This attitude, which will ultimately decide the success or failure of the government’s many plans and programmes is, by no means, limited to the retail trade. The concept of ‘funding the unfunded’ is laudable, but it is not clear how much of these will end up as a loan mela if the borrowers cannot repay. There is also no effort to educate borrowers about consequences of default in the formal system although they are being tracked by credit information companies.
When it comes to financial inclusion, an area in which Moneylife works, we see the same reluctance to focus on real financial literacy or to address the important issue of credit histories. Lack of awareness about the consequences of such default has already blighted the future of many individuals and entrepreneurs, forcing even educated persons into the arms of informal lenders. But we see no signs of the finance ministry or the Reserve Bank of India wanting to understand or address the issue or even engage with ordinary consumers.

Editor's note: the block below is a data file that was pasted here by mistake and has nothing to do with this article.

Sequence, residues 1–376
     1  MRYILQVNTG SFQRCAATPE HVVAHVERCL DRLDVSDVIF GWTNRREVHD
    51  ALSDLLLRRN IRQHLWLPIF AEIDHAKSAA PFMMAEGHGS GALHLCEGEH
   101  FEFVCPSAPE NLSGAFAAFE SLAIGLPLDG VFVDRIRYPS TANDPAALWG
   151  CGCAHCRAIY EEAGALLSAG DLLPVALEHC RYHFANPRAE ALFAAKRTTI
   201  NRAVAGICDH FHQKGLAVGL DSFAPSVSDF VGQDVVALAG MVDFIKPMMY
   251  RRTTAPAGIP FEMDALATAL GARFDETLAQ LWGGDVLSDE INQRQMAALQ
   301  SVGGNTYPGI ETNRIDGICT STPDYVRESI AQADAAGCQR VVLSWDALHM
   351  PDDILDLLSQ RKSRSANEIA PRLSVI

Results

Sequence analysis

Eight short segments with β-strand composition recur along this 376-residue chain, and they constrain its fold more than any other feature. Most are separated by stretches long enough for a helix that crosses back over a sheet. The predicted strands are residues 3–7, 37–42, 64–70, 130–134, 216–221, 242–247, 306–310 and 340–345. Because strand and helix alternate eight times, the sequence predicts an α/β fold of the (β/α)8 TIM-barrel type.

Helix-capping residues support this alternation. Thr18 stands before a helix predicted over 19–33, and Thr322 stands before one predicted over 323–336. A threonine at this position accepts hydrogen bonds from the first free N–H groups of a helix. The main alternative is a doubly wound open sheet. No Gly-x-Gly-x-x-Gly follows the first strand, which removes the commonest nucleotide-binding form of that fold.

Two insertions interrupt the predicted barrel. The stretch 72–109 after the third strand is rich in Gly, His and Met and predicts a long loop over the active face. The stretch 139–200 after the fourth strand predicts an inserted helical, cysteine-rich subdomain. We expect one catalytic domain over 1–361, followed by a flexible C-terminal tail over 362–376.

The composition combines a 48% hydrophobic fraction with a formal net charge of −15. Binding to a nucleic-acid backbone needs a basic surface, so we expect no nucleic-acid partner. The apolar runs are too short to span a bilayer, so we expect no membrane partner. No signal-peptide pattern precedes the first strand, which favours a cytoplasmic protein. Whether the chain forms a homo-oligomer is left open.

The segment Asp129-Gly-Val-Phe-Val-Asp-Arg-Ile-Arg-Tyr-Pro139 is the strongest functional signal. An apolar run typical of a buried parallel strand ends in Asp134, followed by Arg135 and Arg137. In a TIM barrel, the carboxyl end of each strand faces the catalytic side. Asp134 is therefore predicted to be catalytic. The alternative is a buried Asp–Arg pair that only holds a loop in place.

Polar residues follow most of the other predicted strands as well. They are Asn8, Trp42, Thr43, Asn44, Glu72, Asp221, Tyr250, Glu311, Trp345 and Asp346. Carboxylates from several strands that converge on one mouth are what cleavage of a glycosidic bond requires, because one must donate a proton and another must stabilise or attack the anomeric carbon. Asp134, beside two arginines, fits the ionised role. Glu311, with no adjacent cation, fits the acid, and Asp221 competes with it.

Ultimately, the best of good intentions will not translate into positive change, unless we see a change in mindset. A government that refuses to engage with those who are affected by its policies can only have limited success in its implementation.
(Sucheta Dalal is the managing editor of Moneylife. She was awarded the Padma Shri in 2006 for her outstanding contribution to journalism. She can be reached at [email protected])